Alexithymia does not only occur in people with Asperger's. It can also affect individuals with depression, PTSD, or those with emotionally neglectful childhoods (which you can read about in Running on Empty: Overcome Your Childhood Emotional Neglect, and probably means the person likely had an unempathic, narcissistic, or alexithymic parent himself). In the Asperger's case, though, it is more often trait (or innate, permanent) alexithymia, and in the other cases, it is more often state alexithymia, which can be helped with therapy.
State alexithymia is thought to develop from having your feelings constantly ignored and/or invalidated, or via observing parents who don't express emotions normally. When parents "mirror" a baby or child, they notice the child's emotion and label it and respond in kind, such as when a baby looks surprised, the mother says, "Oh! That was a surprise!" When parents are not capable of empathic responding, a child does not learn about his own emotions or what they mean. Therapy that is geared toward helping a client recognize and identify his emotions can therefore be helpful, and can change a relationship dynamic. Sometimes, insight oriented therapy can help a client uncover repressed anger and sadness about his childhood, and can be cathartic and lead to emotional change and the expression of dormant imagination and creativity.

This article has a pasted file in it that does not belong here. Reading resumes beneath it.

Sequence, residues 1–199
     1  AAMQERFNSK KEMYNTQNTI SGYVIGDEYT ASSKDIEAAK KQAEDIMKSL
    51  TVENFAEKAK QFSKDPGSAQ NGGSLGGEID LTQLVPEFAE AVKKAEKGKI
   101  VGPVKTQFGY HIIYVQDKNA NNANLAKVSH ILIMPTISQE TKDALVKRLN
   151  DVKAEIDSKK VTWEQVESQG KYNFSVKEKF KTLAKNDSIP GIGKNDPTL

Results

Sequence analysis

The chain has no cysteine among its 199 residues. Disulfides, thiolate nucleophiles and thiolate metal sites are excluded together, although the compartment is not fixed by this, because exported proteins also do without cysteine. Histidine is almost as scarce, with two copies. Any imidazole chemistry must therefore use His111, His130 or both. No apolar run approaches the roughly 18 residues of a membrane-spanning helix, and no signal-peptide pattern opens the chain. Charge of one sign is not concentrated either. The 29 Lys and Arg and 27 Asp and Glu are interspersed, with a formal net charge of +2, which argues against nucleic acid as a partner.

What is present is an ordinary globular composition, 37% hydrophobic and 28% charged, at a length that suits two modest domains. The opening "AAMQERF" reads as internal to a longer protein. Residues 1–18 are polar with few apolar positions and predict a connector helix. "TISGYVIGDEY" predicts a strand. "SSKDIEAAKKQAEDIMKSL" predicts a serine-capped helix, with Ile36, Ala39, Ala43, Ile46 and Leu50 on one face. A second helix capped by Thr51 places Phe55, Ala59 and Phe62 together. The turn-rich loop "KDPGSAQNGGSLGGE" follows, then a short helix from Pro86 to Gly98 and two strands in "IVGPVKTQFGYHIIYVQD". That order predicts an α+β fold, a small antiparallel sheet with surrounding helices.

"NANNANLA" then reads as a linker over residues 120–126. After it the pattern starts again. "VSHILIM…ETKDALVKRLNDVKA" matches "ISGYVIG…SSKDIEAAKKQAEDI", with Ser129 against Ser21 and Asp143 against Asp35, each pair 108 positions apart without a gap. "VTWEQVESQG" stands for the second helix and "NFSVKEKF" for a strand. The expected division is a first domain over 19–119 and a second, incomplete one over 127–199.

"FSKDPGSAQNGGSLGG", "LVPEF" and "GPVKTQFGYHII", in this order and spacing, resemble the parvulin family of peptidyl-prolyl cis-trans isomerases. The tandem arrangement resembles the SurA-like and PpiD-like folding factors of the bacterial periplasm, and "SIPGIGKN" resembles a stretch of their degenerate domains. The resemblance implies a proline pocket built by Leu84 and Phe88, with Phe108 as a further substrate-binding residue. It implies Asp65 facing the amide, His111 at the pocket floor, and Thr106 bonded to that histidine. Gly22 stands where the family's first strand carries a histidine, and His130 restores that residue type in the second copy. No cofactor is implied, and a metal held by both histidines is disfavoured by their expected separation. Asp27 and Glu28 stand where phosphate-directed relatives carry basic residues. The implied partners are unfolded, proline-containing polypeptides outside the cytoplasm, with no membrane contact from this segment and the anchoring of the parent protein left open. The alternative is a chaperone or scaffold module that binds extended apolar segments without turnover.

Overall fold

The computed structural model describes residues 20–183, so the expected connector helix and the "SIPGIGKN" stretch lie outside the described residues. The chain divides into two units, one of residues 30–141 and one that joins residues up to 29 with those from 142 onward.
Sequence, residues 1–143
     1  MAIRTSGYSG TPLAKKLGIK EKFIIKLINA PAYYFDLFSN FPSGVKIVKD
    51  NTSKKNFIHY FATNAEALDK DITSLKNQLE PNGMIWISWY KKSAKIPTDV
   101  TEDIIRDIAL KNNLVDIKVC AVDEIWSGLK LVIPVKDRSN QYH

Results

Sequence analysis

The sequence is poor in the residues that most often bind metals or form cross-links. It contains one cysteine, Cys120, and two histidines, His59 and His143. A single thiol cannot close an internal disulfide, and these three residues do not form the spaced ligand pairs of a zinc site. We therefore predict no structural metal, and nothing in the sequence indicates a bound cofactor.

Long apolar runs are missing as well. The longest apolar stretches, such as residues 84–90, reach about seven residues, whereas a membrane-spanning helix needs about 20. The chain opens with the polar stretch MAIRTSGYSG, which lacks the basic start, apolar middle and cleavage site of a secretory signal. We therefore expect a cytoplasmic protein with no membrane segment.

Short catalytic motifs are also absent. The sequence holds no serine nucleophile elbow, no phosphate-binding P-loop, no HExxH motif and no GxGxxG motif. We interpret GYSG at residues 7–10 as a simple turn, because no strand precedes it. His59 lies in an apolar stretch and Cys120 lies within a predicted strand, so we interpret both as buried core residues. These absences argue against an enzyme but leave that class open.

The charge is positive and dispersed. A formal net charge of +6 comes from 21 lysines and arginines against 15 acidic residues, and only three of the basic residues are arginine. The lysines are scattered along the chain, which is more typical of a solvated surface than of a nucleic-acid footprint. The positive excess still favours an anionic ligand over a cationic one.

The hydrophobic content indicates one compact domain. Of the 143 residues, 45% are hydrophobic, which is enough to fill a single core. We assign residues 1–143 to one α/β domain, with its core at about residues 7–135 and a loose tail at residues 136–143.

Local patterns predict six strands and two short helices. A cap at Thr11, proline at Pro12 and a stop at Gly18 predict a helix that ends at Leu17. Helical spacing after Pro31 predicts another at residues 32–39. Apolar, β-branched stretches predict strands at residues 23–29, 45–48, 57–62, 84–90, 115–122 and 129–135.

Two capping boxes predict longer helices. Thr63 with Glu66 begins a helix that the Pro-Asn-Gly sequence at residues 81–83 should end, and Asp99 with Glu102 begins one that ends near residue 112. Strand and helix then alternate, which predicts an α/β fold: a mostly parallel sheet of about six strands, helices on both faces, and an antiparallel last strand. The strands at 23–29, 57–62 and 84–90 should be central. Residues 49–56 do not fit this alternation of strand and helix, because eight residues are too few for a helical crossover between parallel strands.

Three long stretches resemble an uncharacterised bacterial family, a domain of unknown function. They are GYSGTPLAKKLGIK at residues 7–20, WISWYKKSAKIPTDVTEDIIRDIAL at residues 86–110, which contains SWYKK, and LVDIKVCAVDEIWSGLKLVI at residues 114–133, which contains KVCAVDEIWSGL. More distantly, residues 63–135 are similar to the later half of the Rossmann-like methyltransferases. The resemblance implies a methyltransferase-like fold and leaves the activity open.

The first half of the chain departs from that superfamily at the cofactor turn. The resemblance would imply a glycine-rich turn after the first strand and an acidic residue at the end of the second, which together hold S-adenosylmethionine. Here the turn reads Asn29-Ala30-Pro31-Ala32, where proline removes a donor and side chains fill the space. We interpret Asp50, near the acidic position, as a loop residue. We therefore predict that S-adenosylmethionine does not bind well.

Trait alexithymia may be more organic and biologically based, as is Asperger's and autism spectrum diorders as a whole. In therapy, clients can learn to express more empathy and possibly to identify their and others' emotions by rote. It is unlikely that this will lead dramatic change, and partners will find themselves in a marriage where people finish one another's sentences and call each other during the day just to tell each other something exciting or upsetting. However, just having a therapist explain to an alexithymic that a partner's emotions are not abnormal or irrational can be marriage-changing (if, of course, the alexithymic is open-minded enough to identify as alexithymic and own this aspect of his identity).
Till we meet again, I remain, The Blogapist Who Would Also Like a Guest Post On This Topic If You or Your Partner is Alexithymic (So Take The Test).
This post was originally published here on Dr. Psych Mom. Follow Dr. Rodman on Dr. Psych Mom, Facebook, Twitter, and Pinterest. Order her book, How to Talk to Your Kids about Your Divorce: Healthy, Effective Communication Techniques for Your Changing Family.